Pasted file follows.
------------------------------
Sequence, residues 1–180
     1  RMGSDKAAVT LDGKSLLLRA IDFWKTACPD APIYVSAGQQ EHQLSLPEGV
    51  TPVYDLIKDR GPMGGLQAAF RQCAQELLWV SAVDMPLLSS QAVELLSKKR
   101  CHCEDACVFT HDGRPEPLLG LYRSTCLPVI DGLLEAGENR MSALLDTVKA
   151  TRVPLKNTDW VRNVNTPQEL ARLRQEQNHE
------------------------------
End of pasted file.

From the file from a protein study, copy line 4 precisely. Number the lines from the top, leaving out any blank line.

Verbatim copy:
   101  CHCEDACVFT HDGRPEPLLG LYRSTCLPVI DGLLEAGENR MSALLDTVKA